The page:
Fourth, love does not boast. It does not brag, is not pompous or conceited. It has no exalted opinion of itself. It is not eager to gain the applause of others.
The Greek word translated “boast” means something like “windbag.” It has within it the idea of the person who must continually talk about himself in order to impress others.
Sometimes we would be better off saying nothing at all. Once upon a time, a turtle wanted to spend the winter in Florida but he knew he could never walk that far. He convinced a couple of geese to help him, each taking one end of a piece of rope, while he clamped his vise-like jaws in the center. The flight went fine until someone on the ground looked up in admiration and asked, “Who in the world thought of that?” Unable to resist the chance to take credit, the turtle opened his mouth to shout, “I did-”
Sometimes it’s a good idea to keep your mouth shut.
Fifth, love is not proud. The King James Version says love is “not puffed up.” That means love does not have an inflated opinion of itself. It is not filled with hot air. As I think about the truly great people I have known, they have all (on one level at least) seemed rather ordinary. They dressed and acted like real people. When someone has to dress or act or talk like they are somebody special, it’s because they’re trying to convince themselves. With those who are truly great, what you see is what you get, which is how it ought to be with all of us.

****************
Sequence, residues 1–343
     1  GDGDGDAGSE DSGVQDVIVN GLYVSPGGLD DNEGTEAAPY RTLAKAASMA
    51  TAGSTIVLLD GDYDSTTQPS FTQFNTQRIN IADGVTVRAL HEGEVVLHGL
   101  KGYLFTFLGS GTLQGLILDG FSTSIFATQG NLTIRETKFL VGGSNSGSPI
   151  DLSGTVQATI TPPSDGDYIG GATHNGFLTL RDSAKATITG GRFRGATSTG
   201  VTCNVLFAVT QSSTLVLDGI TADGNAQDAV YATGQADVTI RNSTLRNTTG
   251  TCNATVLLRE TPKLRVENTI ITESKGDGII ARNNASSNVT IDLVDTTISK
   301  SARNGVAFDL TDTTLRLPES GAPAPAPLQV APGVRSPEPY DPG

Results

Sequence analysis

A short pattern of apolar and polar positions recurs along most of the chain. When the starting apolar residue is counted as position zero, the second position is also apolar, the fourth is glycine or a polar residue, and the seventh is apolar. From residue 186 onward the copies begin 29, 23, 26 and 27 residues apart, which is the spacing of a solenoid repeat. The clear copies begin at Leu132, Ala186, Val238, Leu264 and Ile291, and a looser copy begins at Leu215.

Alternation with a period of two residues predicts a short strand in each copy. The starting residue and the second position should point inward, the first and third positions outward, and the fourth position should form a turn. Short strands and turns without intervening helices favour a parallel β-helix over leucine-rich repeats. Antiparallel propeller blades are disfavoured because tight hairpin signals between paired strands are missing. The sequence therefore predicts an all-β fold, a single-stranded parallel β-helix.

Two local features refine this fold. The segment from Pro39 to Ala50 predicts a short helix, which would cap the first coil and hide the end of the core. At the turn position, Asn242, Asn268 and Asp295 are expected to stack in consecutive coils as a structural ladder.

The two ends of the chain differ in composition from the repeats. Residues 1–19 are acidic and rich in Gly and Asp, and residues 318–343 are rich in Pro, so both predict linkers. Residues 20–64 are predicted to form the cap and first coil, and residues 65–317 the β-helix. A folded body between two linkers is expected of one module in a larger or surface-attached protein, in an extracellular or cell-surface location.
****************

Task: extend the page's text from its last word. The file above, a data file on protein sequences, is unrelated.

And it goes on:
II. Love’s Refusal v. 5
“It is not rude, it is not self-seeking, it is not easily angered, it keeps no record of wrongs” (I Corinthians 13:5).
Sixth, love is not rude. The King James Version says that love “does not behave itself unseemly.” This covers a lot of territory. On one level, it means that love is not ill-mannered. It does nothing of which it will be ashamed later. Love is true courtesy. It is polite, considerate, and careful for the needs and feelings of others. Love is quick to make others feel at ease. Love has good manners!
One writer sums it up by saying that love is “courtesy is love in little things.” That seems to say it all. As a practical application, remember that you don’t have to say everything you are thinking. “I’ve just got to say this.” No you don’t! And you probably shouldn’t.
Sarcasm is the main evidence of a lack in this area. How many times do we make some comment and then try to cover ourselves by saying, “I’m just kidding.” We make too many jokes at the expense of others and then try to laugh it off as cheap humor. The truth is, you weren’t kidding or you wouldn’t have said it in the first place.
Seventh, love is not self-seeking. It takes no thought for itself, does not demand its own way, and is not stubborn about things that don’t matter. Love never says, “My way or the highway.” Love says, “Let’s do it Jesus’ way.” Love serves and doesn’t worry about who gets the credit.
Eighth, love is not easily angered. This is the quality I always stop and think about when I read this chapter. This is the quality that seems to come too close for comfort. Love is not easily provoked, is not quick tempered, does not blow its top, is not easily angered, and is not irritable. By contrast, love is good-natured, easy-going, and quick to forgive.